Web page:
Last September, R. Kelly was found guilty of nine counts of sex trafficking and racketeering. The change in the public’s perception of R. Kelly began in early 2019, with Lifetime’s Surviving R. Kelly docu-series. It was the first comprehensive series with interviews from his victims and detailed, painful accounts of his pedophilia and abuse of young girls. After the Lifetime series aired, the authorities really began to move. At first, it was local jurisdictions, then the FBI got involved. When R. Kelly was found guilty last year, it was in federal court. And it’s taken this long to get him sentenced. On Wednesday, the judge sentenced Kelly to 30 years in prison. Good.
On Wednesday, Mr. Kelly, 55, could no longer escape the fallout: He was sentenced to 30 years in prison for racketeering and sex trafficking. As the judge read out his term, he did not react, and outside, his victims expressed deep relief at the decision.
The sentencing that followed a September conviction culminated Mr. Kelly’s staggering downfall, from a chart-topping hitmaker known as the king of R&B to a pariah whose musical legacy has become inextricable from his abuses. His trial exposed harrowing and systematic torment directed by the musician and enabled by those in his orbit.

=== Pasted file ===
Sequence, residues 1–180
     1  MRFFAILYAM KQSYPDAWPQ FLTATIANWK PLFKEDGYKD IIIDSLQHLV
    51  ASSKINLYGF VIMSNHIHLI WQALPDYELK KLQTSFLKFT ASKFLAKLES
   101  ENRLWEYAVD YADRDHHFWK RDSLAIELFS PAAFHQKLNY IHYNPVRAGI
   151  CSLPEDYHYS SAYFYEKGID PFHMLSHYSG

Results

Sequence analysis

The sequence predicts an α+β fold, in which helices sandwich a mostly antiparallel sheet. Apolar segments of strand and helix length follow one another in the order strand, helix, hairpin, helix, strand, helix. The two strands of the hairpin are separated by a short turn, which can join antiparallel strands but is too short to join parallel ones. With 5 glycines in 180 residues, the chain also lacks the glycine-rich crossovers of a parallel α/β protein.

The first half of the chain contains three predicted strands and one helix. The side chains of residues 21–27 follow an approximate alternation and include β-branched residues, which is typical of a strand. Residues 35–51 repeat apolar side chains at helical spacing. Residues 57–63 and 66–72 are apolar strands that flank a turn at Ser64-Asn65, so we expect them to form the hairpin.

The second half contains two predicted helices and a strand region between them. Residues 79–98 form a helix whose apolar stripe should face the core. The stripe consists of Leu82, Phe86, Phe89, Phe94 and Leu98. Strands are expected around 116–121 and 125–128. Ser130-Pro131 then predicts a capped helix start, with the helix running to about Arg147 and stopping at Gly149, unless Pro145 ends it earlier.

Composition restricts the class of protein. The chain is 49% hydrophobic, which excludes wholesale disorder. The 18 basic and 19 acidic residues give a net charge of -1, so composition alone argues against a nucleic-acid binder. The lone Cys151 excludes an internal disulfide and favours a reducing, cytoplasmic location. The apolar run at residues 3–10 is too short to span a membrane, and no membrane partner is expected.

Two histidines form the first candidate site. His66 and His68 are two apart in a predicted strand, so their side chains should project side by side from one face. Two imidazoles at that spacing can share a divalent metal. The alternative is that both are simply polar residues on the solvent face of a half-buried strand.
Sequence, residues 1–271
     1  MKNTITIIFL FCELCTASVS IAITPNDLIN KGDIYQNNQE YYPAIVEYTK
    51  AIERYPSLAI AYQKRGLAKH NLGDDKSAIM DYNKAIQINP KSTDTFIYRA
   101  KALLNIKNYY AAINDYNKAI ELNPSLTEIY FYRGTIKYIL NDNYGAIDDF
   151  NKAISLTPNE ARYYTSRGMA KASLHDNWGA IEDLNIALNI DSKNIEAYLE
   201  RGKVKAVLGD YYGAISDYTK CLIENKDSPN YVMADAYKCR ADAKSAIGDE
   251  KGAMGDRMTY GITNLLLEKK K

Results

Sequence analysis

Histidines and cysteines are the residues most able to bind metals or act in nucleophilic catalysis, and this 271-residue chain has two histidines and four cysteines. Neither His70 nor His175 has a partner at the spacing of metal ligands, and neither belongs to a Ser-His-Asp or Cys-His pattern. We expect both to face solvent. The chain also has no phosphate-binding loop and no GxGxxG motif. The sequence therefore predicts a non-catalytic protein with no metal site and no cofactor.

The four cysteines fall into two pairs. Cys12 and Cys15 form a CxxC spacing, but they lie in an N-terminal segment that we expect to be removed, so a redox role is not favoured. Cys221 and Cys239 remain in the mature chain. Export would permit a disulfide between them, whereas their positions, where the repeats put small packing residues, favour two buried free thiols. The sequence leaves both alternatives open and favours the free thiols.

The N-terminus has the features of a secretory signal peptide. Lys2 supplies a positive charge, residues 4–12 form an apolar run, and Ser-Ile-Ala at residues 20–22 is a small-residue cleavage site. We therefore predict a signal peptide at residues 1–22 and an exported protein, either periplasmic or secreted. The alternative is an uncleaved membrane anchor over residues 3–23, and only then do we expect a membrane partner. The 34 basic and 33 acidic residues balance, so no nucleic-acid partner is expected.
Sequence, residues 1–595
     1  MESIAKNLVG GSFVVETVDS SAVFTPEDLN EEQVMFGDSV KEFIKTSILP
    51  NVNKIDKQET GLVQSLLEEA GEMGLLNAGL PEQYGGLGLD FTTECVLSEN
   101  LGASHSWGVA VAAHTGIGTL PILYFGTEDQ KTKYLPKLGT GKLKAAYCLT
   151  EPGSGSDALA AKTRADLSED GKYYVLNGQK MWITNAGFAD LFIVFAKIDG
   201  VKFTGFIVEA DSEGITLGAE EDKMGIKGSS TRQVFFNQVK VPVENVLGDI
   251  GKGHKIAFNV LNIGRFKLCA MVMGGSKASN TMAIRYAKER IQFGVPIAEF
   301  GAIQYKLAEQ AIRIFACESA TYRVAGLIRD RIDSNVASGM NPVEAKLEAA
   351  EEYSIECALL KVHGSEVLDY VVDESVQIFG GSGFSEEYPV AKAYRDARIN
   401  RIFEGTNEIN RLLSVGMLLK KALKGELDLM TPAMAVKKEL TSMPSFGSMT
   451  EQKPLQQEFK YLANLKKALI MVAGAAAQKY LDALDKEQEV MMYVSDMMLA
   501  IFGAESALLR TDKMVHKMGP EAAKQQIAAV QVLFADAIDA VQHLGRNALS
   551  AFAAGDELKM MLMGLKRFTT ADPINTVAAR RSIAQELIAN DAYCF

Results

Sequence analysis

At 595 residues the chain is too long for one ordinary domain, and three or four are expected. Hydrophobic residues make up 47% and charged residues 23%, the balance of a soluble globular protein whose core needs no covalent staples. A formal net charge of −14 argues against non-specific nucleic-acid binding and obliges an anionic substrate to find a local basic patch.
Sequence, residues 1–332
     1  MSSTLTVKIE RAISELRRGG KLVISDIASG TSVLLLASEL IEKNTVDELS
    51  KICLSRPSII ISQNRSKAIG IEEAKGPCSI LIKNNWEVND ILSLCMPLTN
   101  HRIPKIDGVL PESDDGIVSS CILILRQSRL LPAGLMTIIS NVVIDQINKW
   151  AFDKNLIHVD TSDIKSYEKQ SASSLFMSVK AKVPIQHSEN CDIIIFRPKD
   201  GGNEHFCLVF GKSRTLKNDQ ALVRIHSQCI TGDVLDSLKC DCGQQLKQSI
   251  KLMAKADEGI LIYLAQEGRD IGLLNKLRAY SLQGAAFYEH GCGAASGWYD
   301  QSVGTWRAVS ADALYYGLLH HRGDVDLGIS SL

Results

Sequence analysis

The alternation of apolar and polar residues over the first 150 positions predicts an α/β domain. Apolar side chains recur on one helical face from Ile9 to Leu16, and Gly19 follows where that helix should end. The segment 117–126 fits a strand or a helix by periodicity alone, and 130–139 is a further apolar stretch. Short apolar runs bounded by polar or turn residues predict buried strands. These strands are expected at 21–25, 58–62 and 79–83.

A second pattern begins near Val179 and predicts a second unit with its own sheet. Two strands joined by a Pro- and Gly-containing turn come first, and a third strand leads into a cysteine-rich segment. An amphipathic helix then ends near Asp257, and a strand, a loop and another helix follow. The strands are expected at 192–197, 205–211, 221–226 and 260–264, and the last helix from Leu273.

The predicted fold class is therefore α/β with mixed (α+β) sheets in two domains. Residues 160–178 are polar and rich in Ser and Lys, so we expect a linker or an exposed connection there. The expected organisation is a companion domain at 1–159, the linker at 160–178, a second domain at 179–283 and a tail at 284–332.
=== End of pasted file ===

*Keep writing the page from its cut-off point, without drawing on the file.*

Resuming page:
U.S. District Judge Ann M. Donnelly, who presided over the federal trial in Brooklyn, said in court that “few crimes more serious” than Mr. Kelly’s exist, and that he had manipulated girls and women. “You taught them that love is enslavement and violence,” the judge said, recalling the scenarios he created to wreak primal humiliation on them.
“This case is not about sex. It’s about violence and cruelty and control,” Judge Donnelly said. “You had a system in place that lured young people into your orbit — and then you took over their lives.”
Mr. Kelly’s lawyer, Jennifer Bonjean, said outside the courthouse that she would appeal the sentence. She had sought 10 years. Mr. Kelly was prepared for prison, she said, but “has regrets and is sad.”
His victims’ stories were harrowing, and during the sentencing, his victims got to make statements. All of the women are haunted by what he did to them, all of them are still dealing with the trauma he inflicted upon them. Kelly is 55 now, and again, this is federal court. He’s going to federal prison, most likely. While his lawyers will appeal, he’s unlikely to get out of prison early on “good behavior.” He will hopefully die in prison.
Photos courtesy of Backgrid, Instar.